The Corporate Offence of Failure to Prevent the Facilitation of Tax Evasion: Two years on
Following our blog on 5th May 2016 – regarding the provisions of the Immigration Bill, the Immigration Act 2016 (“the Act”) has now received Royal Assent and passed into law on 12 May 2016. Most significantly for immigration Sponsors, provisions relating to illegal working come into effect on 12 July 2016 and these include:
The following are some of the offences created under the Act:
Illegal working – employee offence
The Act creates a new criminal offence of illegal working. In summary, the offence is committed where a person works at a time when he or she has not been granted leave to enter or remain in the UK, or the person’s leave to enter or remain in the UK is invalid, has ceased to have effect or the person is subject to a condition preventing him or her from doing work of the kind they are undertaking. The offence will be punishable on summary conviction by imprisonment for up to six months, or by a fine (subject to other legislation), or both. A person convicted of the offence may also have their earnings seized.
Employing an illegal worker – employer offence
The Act amends the existing offence of employing an illegal worker under Section 21 of the Immigration, Asylum and Nationality Act 2006. Previously, an employer had to have known that an employee did not have leave to be guilty of the offence. The offence may now be committed by an employer who either knows or has reasonable cause to believe that a person is working without leave. The test for culpability, from actual knowledge of illegality to reasonable cause has therefore been lowered. The maximum penalty is also raised to five years’ imprisonment as opposed to the current two.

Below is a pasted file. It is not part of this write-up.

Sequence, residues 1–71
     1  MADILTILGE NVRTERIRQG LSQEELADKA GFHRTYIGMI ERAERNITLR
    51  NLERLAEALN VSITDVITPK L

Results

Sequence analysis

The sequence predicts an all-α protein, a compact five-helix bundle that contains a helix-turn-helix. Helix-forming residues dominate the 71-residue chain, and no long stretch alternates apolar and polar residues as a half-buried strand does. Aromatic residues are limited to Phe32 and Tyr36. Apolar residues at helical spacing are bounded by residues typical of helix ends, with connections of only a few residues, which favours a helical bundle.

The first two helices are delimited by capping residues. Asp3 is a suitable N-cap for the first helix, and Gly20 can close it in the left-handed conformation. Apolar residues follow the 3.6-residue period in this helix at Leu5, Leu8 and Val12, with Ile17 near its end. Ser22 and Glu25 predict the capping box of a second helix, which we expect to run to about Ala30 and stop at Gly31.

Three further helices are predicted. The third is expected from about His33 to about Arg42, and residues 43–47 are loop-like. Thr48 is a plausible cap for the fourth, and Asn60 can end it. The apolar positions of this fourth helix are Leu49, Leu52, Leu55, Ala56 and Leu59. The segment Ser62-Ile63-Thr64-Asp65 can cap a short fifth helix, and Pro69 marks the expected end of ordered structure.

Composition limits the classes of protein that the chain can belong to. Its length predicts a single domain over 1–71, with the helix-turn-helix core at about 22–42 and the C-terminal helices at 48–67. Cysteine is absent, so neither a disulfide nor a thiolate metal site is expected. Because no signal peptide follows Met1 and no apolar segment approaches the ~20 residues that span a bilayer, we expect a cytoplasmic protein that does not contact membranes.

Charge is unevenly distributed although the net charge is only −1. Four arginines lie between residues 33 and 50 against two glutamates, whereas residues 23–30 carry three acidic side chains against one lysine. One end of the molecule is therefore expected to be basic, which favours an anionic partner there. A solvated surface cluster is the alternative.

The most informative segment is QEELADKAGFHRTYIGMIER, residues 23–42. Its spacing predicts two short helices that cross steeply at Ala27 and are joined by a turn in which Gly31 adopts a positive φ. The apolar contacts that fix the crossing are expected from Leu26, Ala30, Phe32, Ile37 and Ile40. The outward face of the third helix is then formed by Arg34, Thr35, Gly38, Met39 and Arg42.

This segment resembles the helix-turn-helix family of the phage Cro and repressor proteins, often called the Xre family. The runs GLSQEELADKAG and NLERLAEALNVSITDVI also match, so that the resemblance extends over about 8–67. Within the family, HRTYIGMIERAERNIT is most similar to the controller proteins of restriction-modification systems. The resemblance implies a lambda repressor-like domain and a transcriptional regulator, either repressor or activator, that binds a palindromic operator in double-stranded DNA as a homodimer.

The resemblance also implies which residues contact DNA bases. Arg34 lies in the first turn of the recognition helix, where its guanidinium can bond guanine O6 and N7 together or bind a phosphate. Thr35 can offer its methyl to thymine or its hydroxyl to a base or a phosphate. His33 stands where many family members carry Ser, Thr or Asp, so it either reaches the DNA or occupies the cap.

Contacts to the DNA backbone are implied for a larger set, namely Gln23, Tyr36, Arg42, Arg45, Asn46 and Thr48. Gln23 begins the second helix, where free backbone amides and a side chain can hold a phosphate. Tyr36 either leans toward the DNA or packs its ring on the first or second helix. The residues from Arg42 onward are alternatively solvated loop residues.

Furthermore, an immigration officer may arrest without warrant a person that they have reasonable grounds for suspecting has committed an offence or is attempting to commit an offence of employing a person illegally.
This offence is in addition to the civil penalties contained in Section 15 of the Immigration, Asylum and Nationality Act 2006, under which a company can be fined up to £20,000 for employing an illegal worker.
What does reasonable cause to believe mean?
Employers may well ask, what does “reasonable cause to believe” mean? Perhaps this is best illustrated by way of example. In the past an employer might have had an employee whom they suspected of working illegally but had no concrete evidence of this. The onus will now be on the employer to take steps at an earlier stage to suspend an employee pending an internal investigation into the employee’s immigration status, if the employee is unable or unwilling to provide satisfactory evidence of their continued right to work in the UK. Employers may therefore need to update their HR policies and processes and ensure their HR staff are aware of the new changes.
New Director of Labour Market Enforcement
At the present time enforcement of the illegal working rules is fairly ad hoc and anecdotally it is believed that immigration enforcement teams tend to adopt a risk based approach in targeting higher risk sectors with compliance visits. The new director of labour market enforcement will be tasked with monitoring and creating a strategy to tackle non-compliance in the labour market. It remains to be seen whether this will lead to increased incidences of unannounced compliance visits to business premises, but employers should be aware that this is on the horizon.
What should employers do?
These new provisions really underscore the need for employers to ensure their continued diligence and to keep abreast of the measures required to remain compliant with the immigration rules and regulations. These are the issues to consider:
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